Colloquium on November 16, 2009

Dean Astumian
University of Maine

Thermodynamics and kinetics of molecular motors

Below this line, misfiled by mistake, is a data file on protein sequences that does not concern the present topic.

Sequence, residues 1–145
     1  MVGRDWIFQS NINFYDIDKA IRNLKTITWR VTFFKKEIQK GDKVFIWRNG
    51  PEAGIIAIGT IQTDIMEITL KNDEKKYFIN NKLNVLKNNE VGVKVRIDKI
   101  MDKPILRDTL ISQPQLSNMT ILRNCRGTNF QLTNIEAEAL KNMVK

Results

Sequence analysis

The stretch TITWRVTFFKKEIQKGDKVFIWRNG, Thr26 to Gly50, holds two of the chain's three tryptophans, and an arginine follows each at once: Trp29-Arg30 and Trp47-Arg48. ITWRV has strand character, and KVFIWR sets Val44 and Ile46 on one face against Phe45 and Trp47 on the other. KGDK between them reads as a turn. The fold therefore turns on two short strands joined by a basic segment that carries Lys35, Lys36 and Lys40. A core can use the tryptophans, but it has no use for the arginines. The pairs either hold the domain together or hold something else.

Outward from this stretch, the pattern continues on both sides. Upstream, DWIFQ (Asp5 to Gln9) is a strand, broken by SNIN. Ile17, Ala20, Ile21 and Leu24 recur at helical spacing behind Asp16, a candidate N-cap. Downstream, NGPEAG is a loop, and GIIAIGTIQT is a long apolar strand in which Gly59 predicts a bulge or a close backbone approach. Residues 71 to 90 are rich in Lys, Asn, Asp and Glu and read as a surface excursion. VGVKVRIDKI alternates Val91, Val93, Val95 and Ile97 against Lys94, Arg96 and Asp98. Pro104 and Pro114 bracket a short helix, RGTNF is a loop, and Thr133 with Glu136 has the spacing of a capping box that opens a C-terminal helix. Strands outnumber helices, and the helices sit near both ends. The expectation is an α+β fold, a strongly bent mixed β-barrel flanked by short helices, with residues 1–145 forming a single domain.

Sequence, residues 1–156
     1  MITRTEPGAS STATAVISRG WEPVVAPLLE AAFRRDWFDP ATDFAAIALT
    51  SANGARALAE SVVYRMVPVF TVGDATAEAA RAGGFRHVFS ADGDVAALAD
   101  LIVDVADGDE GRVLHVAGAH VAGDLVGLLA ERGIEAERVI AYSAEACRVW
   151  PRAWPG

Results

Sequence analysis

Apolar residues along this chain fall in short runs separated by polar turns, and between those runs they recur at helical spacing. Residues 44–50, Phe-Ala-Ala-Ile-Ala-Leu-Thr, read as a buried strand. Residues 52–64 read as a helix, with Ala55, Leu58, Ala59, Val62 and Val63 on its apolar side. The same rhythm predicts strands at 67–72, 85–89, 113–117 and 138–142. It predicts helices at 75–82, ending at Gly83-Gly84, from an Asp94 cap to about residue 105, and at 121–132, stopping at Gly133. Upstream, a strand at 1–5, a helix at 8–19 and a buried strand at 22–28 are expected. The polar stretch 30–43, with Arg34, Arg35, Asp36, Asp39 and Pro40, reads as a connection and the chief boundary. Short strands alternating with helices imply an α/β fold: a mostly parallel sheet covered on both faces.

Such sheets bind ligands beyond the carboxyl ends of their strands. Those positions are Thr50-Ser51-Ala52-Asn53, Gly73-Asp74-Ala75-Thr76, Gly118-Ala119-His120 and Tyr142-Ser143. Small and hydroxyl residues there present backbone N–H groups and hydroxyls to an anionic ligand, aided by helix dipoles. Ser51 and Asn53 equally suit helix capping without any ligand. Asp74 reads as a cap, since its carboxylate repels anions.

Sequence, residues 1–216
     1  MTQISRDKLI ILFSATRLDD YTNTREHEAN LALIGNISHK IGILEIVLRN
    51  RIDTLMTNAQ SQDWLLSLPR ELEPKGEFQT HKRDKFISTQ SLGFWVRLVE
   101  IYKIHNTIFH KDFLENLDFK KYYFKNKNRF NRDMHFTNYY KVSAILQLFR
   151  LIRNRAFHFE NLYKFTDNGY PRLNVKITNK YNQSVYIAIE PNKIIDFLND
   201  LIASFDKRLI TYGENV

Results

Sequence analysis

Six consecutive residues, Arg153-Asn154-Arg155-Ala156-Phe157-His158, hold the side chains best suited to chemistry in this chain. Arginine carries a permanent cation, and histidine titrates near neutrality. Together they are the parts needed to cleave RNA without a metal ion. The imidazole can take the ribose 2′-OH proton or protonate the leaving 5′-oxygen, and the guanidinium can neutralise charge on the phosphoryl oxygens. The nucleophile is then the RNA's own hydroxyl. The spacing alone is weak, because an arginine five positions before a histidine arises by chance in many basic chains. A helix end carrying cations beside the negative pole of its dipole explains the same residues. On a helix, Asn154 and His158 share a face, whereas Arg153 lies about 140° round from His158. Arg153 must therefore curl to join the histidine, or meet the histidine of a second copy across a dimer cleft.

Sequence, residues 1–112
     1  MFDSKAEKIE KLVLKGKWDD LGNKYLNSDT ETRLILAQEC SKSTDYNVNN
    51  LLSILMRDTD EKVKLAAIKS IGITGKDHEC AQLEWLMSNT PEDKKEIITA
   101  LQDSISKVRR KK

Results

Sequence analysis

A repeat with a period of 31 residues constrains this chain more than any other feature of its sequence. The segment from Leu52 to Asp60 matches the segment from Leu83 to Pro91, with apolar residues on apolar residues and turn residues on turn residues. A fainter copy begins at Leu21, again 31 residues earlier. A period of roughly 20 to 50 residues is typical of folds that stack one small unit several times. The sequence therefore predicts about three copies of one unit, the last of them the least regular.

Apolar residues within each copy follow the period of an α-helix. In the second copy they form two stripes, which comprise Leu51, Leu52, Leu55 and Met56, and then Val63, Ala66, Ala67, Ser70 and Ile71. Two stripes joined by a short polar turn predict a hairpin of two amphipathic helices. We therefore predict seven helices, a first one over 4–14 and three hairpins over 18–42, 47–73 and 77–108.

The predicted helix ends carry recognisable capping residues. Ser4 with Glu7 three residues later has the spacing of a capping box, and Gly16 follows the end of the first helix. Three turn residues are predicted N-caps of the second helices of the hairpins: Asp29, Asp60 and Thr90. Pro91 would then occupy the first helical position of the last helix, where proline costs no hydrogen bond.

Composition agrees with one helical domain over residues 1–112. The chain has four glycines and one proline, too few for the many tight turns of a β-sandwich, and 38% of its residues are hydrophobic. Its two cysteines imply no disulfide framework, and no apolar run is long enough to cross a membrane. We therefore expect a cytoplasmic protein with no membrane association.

Protein molecular motors—perfected over the course of millions of years of evolution—play an essential role in moving and assembling biological structures. Recently chemists have been able to synthesize molecules that emulate in part the remarkable capabilities of these biomolecular motors (for extensive reviews see the recent papers: E. R. Kay, D. A. Leigh and F. Zerbetto, Angew. Chem., Int. Ed., 2006, 46, 72–191; W. R. Browne and B. L. Feringa, Nat. Nanotechnol., 2006, 1, 25–35; M. N. Chatterjee, E. R. Kay and D. A. Leigh, J. Am. Chem. Soc., 2006, 128, 4058–4073; G. S. Kottas, L. I. Clarke, D. Horinek and J. Michl, Chem. Rev., 2005, 105, 1281–1376; M. A. Garcia- Garibay, Proc. Natl. Acad. Sci., U. S. A., 2005, 102, 10771–10776)). Like their biological counter- parts, many of these synthetic machines function in an environment where viscous forces dominate inertia—to move they must ‘‘swim in molasses’’. Further, the thermal noise power exchanged rever- sibly between the motor and its environment is many orders of magnitude greater than the power provided by the chemical fuel to drive directed motion. One might think that moving in a specific direction would be as difficult as walking in a hurricane. Yet biomolecular motors (and increasingly, synthetic motors) move and accomplish their function with almost deterministic precision and very high efficiency. By using chemical design to control the labilities of transitions, and the relative stabilities of states, it is possible to constructively use thermal noise and viscous drag to create a motor that, in the presence of energy input, carries out the function of a motor with high efficiency and power output.